I would have liked to extend my trip for a day to get some night time in at TDS (and to see BraviSEAmo, a Fantasmic!-like lagoon show) and also get some time at TDL, but my presence was required back at the office Thursday to wrap up the DVD production. Anyway, the only attractions TDL has added since my last trip are "Buzz Lightyear" and "Philharmagic" and the only truly unique attraction left at TDL besides the spectacularly Kitschy "Mickey Mouse Review" (since they removed "Meet the world" and the Magical Mystery Tour) is Pooh's Hunny Hunt, which I'd dearly love to ride again someday. I arrived in Tokyo at 7:30 am (Yes, my 3rd overnight flight in a week) and took the Narita Express train to Tokyo and then the JR Keiyo line to Maihama. The Resort bus from the airport would have gotten me there sooner in the morning, but its hours in the afternoon are really lame and taking it back to the airport would've cut my time in the park short by 1 1/2 hours, so I decided to ride the train in the morning so I would be familiar with the stations when I returned in the afternoon. One missed train would potentially mean a missed flight, so familiarity seemed like a good plan. Since I only had about 6 hours in the park, I assessed my priorities and made a detailed itinerary that would maximize my chances of hitting the important stuff.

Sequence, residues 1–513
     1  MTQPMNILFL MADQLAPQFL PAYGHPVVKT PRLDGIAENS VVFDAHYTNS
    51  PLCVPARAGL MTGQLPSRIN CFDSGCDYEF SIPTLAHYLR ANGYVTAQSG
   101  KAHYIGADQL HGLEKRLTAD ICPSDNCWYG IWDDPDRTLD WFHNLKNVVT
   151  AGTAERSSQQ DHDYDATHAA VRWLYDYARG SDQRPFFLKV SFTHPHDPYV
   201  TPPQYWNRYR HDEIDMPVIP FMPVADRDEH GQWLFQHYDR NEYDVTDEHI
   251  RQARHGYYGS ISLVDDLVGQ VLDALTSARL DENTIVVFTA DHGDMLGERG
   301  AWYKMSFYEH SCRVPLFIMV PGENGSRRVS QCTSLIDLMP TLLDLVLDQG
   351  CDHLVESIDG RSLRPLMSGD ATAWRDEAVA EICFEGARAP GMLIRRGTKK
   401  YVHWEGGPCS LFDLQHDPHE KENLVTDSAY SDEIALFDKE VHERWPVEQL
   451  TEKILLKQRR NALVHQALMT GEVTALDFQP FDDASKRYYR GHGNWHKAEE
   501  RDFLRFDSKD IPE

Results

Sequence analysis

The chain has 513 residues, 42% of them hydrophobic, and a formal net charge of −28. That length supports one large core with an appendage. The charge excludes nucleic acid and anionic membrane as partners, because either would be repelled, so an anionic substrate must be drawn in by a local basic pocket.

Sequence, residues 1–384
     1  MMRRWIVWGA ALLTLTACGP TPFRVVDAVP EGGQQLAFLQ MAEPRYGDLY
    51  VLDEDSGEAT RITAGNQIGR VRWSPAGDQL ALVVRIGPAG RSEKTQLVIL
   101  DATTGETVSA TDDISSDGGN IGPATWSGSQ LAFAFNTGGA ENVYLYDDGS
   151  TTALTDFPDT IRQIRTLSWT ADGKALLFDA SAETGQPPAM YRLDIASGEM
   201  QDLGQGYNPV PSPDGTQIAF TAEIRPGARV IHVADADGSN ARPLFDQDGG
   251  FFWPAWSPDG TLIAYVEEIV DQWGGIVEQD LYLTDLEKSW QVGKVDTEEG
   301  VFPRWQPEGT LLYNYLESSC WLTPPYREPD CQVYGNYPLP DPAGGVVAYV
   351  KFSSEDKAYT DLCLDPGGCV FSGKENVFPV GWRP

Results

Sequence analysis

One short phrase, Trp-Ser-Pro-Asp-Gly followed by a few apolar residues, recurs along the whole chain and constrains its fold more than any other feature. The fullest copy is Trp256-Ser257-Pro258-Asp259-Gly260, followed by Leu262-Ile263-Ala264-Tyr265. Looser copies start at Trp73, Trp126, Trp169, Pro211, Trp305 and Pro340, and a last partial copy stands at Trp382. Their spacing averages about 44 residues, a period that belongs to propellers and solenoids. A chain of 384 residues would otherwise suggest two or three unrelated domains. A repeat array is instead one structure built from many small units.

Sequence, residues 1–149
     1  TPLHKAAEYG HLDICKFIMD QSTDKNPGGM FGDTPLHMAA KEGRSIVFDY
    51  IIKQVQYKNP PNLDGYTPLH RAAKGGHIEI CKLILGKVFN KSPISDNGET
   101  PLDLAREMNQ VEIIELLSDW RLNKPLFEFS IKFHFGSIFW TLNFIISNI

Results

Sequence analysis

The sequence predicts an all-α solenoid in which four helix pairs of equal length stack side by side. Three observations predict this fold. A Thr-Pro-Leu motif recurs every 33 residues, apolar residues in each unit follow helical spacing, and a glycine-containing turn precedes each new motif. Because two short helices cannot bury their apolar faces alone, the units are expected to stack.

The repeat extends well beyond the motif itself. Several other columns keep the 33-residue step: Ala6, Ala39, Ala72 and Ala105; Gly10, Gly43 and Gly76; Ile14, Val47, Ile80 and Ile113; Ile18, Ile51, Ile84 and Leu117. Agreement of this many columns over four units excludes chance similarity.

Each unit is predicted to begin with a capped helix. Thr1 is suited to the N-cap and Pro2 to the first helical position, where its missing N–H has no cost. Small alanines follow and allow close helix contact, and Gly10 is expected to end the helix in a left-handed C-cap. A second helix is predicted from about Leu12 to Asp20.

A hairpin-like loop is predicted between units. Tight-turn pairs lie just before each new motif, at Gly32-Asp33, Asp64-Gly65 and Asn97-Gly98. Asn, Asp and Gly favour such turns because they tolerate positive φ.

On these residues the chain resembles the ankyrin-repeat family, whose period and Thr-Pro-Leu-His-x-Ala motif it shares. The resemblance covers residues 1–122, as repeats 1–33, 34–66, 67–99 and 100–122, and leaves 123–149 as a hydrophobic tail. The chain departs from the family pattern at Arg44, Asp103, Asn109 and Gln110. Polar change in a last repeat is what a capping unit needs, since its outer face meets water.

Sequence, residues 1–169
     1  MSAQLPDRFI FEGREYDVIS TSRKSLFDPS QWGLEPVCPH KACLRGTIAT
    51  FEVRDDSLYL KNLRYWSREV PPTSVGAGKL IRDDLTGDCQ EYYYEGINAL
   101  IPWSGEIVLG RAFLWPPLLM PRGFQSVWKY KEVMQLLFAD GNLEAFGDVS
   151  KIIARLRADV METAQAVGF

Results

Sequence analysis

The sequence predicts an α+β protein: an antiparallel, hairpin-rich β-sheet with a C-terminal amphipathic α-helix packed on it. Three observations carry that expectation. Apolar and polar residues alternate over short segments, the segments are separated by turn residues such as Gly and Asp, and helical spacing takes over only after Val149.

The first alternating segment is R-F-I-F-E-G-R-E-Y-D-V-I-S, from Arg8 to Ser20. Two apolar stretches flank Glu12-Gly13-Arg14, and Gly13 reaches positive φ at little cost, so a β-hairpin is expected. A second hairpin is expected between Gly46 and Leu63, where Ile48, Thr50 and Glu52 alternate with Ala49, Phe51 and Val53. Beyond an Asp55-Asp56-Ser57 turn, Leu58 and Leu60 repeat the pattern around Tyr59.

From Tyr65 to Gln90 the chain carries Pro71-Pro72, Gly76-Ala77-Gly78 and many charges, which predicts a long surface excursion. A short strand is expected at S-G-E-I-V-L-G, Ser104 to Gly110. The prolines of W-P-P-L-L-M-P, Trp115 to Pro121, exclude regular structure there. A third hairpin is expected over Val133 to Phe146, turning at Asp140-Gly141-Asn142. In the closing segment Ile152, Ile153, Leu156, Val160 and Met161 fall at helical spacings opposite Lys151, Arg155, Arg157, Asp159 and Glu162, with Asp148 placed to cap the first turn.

GOTO Tower of Terror. IF standby=short OR fastpass return=soon THEN ride or get fastpass
GOTO Mysterious island. If Gyoza sausage bun Queue = short, then purchase Gyoza sausage bun (x2) (These are really good, and the line to buy them, like many ODV lines at Tokyo Disney resort, can get absurdly long. Last time I was here the lines for kettle corn were longer than for any attraction besides Pooh.)
Fastpass for Journey to the Center of the Earth = GET
IF standby line for Journey <20 minutes THEN ride (This ride was my single most important score in the park, and I REALLY wanted to ride it at least twice)
GOTO 20,000 leagues under the sea via Single Rider Line